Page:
Polity by Rob Salmond


Hekia's waynebrave

The Education Minister, Hekia Parata has form on having stupid ideas in public. Up to now, the most famous one was her idea that the public would love larger class sizes in schools. Turns out they didn’t, because they prefer their kid to, you know, get more attention from the teacher rather than less. That waynebrave got yanked in less than a month.

Well, she’s outdone herself this week. Hekia’s new idea of massively expanding online-only primary schooling just reeks of small-minded, bureaucratic penny-pinching, right down to the naff name for the new sCOOLs. She might as well have said: "I call app Kiwis."

Yes, it’s true that some people get their basic, compulsory education online already. They do. And some of them do just fine out of it. That’s true, too.

But the only reason they’re doing online education, sometimes with phone and visit support from the folk at the Correspondence School, is because they physically can’t get to a local in-person school. If you grow up on a remote sheep station, their school might be an hour away, each direction. That’s obviously not practical, which is where the Correspondence School comes in.

Online schooling is a product of necessity, not choice.

And there’s a very good reason for that – in an in-person school, students learn at least as much from other students as they do from the teachers. Both inside the classroom and in the playground, kids at a traditional school learn about meeting new people, friendship, sharing, scheming, new skills, winning, losing, and so much more besides.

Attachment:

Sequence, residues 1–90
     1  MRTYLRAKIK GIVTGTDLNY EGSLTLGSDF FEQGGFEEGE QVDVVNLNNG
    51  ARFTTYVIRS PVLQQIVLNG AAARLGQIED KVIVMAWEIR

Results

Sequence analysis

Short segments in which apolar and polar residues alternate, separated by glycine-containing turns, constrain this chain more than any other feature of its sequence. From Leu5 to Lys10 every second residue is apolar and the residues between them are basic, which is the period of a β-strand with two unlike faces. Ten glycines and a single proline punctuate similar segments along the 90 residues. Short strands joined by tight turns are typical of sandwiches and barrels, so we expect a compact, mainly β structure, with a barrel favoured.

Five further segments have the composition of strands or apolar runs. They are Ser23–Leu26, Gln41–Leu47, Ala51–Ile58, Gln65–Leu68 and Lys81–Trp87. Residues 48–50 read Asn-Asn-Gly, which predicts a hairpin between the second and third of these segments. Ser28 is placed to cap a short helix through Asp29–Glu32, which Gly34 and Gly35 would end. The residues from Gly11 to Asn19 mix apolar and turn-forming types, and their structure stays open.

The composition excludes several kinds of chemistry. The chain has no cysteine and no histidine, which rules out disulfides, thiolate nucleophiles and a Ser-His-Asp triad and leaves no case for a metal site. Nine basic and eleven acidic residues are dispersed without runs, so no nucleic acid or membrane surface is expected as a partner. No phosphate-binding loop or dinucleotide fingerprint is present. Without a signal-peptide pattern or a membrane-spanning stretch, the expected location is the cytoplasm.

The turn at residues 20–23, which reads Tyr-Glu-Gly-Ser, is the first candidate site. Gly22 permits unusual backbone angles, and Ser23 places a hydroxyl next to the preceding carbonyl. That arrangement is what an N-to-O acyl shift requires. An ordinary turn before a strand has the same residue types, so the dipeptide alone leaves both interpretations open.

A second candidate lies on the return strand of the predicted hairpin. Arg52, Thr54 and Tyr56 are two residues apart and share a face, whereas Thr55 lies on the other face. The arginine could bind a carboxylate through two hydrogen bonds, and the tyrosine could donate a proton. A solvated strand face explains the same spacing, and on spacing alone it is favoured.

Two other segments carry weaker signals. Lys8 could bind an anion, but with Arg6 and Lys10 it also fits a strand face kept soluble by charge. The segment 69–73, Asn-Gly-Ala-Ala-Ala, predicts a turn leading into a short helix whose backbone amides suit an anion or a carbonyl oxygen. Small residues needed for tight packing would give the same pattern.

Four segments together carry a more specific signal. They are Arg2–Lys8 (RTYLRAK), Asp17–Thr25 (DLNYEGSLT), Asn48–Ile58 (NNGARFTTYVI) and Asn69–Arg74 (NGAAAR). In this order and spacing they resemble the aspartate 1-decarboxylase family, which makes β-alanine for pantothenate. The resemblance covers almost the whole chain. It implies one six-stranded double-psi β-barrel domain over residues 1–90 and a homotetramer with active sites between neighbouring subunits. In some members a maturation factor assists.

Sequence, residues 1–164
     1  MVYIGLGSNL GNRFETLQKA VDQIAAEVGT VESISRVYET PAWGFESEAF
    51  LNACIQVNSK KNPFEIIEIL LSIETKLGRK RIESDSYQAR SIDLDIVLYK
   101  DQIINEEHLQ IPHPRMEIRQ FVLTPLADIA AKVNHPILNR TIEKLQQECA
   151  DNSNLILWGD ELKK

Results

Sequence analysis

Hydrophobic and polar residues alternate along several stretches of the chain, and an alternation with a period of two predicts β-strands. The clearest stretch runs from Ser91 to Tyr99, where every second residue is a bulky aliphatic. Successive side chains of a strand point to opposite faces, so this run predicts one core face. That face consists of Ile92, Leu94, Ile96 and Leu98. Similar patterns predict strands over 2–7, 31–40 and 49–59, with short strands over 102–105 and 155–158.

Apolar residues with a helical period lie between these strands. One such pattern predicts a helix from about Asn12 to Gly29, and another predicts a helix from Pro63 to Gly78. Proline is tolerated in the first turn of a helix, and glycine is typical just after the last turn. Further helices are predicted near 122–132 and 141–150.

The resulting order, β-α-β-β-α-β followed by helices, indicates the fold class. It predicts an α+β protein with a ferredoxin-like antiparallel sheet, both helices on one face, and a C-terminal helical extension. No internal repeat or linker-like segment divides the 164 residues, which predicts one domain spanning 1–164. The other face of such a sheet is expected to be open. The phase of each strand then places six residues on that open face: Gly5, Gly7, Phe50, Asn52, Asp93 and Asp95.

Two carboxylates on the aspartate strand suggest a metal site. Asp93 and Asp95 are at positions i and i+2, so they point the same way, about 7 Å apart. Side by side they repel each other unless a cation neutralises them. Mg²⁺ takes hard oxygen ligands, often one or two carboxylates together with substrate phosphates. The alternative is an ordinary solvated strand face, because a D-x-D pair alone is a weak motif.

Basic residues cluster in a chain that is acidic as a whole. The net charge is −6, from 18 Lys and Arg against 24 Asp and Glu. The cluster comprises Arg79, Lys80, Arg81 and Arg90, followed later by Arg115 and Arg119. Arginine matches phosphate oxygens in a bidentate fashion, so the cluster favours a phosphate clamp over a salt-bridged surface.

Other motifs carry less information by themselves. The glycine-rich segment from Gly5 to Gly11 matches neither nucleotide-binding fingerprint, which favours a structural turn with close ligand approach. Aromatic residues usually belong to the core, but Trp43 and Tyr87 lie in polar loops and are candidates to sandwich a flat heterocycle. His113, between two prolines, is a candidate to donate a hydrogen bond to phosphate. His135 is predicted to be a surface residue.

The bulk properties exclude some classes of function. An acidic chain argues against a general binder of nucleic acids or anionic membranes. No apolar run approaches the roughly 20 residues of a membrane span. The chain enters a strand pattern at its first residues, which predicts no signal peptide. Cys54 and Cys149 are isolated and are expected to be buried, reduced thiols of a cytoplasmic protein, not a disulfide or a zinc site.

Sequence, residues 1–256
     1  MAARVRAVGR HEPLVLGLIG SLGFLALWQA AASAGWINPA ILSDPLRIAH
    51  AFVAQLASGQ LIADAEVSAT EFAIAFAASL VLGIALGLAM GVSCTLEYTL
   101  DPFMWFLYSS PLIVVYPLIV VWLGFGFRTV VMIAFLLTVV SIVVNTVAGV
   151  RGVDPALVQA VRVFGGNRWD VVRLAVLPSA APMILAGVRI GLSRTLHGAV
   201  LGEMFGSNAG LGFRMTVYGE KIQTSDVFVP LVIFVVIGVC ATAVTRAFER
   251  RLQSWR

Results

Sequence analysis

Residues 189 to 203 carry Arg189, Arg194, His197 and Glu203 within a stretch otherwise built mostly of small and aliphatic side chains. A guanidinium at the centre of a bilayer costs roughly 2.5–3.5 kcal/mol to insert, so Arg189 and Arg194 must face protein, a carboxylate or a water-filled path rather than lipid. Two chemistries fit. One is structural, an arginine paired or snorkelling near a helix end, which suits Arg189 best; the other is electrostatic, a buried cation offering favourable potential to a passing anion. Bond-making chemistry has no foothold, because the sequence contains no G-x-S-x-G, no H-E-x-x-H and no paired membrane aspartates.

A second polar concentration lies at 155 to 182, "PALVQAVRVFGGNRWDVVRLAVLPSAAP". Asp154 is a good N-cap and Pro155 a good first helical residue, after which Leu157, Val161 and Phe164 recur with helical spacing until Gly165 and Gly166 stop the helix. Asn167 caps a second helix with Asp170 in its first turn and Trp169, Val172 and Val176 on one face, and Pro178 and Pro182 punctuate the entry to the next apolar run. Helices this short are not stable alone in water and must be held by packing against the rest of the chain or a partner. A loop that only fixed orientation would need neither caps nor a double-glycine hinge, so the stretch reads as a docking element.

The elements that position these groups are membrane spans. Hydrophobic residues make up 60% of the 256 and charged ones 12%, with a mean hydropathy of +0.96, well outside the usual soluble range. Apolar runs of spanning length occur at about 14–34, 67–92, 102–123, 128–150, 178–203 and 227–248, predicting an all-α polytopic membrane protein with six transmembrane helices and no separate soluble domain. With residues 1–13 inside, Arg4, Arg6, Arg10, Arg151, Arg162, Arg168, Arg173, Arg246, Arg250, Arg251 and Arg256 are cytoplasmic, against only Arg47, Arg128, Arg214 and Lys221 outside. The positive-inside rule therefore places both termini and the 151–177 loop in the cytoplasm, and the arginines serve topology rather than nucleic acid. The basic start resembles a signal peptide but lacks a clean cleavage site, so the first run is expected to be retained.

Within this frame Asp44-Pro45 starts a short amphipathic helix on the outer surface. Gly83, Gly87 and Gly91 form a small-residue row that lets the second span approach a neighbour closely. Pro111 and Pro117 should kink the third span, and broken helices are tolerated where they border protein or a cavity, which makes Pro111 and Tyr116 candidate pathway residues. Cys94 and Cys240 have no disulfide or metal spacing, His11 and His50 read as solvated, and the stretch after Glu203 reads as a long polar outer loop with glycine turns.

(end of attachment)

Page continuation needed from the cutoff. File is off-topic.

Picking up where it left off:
Is the Minister really saying there’s an app or online module that substitutes for those experiences, or that can properly teach all those social skills?

Of course there isn’t.

Proponents of oddball ideas like this often appeal to choice – if the parents want this for their kids, who is anyone else to say otherwise?

But the puritan mantra of choice uber alles has never applied to schooling, just as it doesn’t apply to sending a kid down the mines or all other crazy things some parents might want for their offspring.

Every advanced economy makes schooling compulsory because they agree kids should learn stuff, regardless of their parents’ wishes.

At those schools, we make certain subjects compulsory because as a community we agree kids should be able to do maths and to write, no matter the abilities of desires of their parents.

And, for the same reason, I’d say the community agrees that kids should learn social skills as well as academic skills in their schooling, even if their parents would rather they didn’t. Yes, there are very narrow exceptions. But social skills matter for kids.

I predict this latest Hekia Parata waynebrave will be never come to pass. And that’s a good thing.

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